Like the unifacial tools, some of the bone specimens showed signs of post-excavation damage. Of the 11 jackrabbit mandibles, all but one have damage to the tip of the incisor which appears relatively fresh. It is unusual, and perhaps significant, that all but one of the specimens were left sides of the jaw. Although the mandibles were defleshed prehistorically, Brown suspects the soft tissue was removed by hand rather than with a flint tool, based on the lack of evident cut marks. Several specimens still contain patches of dried soft tissue adhering to the bone which could be suitable for AMS dating.
Bloodletting and Other Rituals
Part of our interest in examining the mandibles, however, was to identify possible traces of human blood residue which might suggest their use as scarifiers—instruments for bloodletting or tattooing. In the neighboring desert regions of northern Mexico, and likely throughout much of the Lower and Trans Pecos, bloodletting apparently was a part of the hunter-gatherer culture. Numerous examples of rodent mandibles, some still wrapped at the base with cording handles, have been found in the dry caves of the region.
At Cueva Pilote in Coahuila, chilling evidence of this practice was uncovered, although at this site, scarification was accomplished with sharp plant spikes rather than animal teeth. Dozens of cactus spines, some still stuck in their agave pad “pincushion”, were found along with a hollow gourd, possibly for containing the blood extracted during the ritual. As site archeologists Solveig Turpin and Herb Eling note, bloodletting was an integral part of the Mesoamerican politico-religious system and can be traced through ethnographic accounts, paintings and sculpture showing this practice.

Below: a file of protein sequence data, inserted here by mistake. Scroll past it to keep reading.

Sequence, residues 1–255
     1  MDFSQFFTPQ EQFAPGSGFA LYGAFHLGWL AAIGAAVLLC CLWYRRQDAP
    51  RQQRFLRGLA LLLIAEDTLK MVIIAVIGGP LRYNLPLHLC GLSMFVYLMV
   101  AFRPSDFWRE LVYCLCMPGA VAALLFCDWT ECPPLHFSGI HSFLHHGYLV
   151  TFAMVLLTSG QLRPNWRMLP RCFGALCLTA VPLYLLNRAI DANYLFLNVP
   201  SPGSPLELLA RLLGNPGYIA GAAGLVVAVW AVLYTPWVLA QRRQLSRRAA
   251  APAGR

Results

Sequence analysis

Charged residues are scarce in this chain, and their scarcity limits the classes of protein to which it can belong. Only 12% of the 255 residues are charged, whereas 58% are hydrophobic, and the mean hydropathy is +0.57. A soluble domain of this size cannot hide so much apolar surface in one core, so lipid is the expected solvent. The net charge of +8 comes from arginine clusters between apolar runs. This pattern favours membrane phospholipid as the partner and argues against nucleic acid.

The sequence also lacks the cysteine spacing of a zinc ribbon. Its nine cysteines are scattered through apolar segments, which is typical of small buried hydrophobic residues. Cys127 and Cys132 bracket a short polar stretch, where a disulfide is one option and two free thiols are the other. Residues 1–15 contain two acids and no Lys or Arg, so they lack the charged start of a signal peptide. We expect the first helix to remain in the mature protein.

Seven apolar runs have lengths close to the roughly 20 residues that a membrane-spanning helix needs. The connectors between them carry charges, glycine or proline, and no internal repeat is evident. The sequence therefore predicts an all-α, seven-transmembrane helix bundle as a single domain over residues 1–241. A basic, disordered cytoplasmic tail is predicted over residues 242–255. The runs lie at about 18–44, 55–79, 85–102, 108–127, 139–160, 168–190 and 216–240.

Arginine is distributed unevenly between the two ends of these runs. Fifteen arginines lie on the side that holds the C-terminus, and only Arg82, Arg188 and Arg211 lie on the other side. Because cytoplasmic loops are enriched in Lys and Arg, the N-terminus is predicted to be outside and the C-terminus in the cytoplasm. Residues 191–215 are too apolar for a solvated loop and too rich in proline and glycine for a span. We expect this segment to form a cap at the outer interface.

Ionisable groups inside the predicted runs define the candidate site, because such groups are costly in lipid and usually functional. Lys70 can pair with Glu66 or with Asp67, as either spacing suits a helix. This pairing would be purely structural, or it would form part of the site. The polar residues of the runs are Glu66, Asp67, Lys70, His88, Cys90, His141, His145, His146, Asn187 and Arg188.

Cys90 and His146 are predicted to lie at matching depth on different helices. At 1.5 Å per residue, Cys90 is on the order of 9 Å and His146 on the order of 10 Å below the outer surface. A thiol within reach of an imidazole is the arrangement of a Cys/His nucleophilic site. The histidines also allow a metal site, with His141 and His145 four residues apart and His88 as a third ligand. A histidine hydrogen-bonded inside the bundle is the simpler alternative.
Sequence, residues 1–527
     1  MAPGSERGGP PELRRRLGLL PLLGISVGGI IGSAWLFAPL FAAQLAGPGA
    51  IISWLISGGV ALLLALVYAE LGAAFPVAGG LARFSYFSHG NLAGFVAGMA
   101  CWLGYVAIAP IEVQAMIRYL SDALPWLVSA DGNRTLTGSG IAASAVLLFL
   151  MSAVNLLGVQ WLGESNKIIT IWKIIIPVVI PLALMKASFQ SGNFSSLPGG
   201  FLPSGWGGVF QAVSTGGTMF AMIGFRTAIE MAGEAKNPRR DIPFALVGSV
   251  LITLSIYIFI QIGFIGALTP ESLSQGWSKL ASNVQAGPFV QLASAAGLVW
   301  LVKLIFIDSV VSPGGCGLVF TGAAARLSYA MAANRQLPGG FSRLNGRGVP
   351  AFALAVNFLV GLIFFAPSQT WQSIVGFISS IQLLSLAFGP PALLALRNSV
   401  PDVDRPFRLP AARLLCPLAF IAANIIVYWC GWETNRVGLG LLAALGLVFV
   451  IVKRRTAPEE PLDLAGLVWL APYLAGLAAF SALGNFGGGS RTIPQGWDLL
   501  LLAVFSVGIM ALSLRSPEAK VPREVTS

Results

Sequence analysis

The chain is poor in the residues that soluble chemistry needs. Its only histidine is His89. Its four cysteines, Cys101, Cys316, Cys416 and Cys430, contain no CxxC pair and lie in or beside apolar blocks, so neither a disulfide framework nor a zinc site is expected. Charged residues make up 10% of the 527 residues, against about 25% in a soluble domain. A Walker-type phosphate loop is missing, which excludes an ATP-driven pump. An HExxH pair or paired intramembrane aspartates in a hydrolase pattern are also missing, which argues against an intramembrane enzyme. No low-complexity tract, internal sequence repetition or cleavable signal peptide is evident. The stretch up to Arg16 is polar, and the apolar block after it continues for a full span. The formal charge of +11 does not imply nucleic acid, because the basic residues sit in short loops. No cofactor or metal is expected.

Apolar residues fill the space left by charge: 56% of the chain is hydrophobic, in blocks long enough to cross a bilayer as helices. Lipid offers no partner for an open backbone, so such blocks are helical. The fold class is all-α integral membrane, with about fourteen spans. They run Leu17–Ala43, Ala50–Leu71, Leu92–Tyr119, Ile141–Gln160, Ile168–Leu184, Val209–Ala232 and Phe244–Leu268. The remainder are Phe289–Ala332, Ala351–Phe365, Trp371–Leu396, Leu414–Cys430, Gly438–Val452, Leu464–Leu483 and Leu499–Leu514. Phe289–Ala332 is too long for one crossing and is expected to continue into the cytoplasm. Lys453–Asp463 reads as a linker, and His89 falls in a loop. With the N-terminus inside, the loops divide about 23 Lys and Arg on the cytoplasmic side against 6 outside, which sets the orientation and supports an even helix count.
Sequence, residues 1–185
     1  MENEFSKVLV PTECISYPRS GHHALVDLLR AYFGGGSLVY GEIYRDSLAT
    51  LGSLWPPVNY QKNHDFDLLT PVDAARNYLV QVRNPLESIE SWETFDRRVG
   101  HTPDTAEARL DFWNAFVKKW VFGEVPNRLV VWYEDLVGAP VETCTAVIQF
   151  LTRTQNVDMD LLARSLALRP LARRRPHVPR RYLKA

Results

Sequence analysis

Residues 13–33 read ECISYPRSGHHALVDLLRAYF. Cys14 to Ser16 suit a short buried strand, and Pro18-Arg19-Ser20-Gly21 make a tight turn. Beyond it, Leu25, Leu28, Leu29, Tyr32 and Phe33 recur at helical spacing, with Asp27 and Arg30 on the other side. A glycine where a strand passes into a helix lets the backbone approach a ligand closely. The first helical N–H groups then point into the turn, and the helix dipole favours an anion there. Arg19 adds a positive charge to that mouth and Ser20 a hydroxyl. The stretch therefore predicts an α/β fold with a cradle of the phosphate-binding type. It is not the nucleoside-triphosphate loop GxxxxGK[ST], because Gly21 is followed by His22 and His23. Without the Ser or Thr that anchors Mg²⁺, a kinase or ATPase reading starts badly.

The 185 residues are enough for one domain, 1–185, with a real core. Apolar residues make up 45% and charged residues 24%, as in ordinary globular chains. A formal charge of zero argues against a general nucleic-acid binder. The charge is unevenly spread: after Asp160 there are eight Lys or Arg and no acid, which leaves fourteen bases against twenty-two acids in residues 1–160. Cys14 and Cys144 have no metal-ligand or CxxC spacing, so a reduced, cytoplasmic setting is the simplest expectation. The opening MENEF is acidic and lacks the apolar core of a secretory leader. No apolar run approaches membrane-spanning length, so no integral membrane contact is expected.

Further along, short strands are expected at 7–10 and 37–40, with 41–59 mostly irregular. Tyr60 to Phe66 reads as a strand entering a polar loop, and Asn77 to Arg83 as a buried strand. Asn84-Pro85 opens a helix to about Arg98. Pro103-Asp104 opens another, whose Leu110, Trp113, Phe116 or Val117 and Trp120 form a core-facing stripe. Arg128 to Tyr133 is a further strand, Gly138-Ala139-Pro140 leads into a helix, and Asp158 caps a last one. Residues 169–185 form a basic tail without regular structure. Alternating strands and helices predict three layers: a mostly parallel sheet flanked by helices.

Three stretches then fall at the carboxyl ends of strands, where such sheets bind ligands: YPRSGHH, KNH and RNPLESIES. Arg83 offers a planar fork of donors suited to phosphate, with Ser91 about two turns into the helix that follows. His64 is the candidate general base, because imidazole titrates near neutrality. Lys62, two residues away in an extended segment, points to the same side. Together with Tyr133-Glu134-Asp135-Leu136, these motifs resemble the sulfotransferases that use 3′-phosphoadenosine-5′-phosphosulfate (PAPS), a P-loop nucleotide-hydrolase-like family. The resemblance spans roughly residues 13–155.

Turpin describes three accounts of a fascinating ritual performed in 1607 in the vicinity of Mapimí, Coahuila to ward off the potential dire affects of a comet. "Elders punctured themselves with spines, then gathered the blood in a gourd, dipped the fresh-cut hair of a young woman in the blood, and flailed it in the air in the cardinal directions while "crying out horrifically." Another account describes a ceremony in which both men and women danced around a fire, consumed peyote, and 'drew large quantities of blood by scratching themselves with the beak of a fish.'"
Other possible bloodletting devices were found at the Mitchell Ridge cemetery on the northern Texas coast. Shark teeth and an object consisting of a small oblong mass of asphaltum into which 13 sharpened hispid cotton rat incisors were set in a single row. A similar artifact was described as a shaman-curer's bloodletting tool in the historic account of Jean-Baptiste Talon, a French boy captured by Karankawas at La Salle's Fort St Louis in 1687.
Early Spanish explorer Cabeza de Vaca, who wandered as a captive throughout south Texas and Mexico with various Indian groups, witnessed the use of sharp animal teeth for punishing children. Archeologist and former TARL director Thomas Hester makes an interesting point regarding this oft-cited account, noting that although archeologists tend to associate scarifiers with shamans, such instruments may have had a broader use. "Though Cabeza de Vaca describes the event as one of parents punishing a crying infant, one could suspect that it is related to curing rituals. If so, such scarification appears not to have been solely the domain of a "shaman," but could be done by anyone."
Regarding the mandibles from the Horseshoe Ranch Cave cache, however, damage to the incisor tips precluded any judgment about their user as scarifiers. Brown saw no apparent traces of blood pooled up in the crevices of the mandibles or in the toothrow.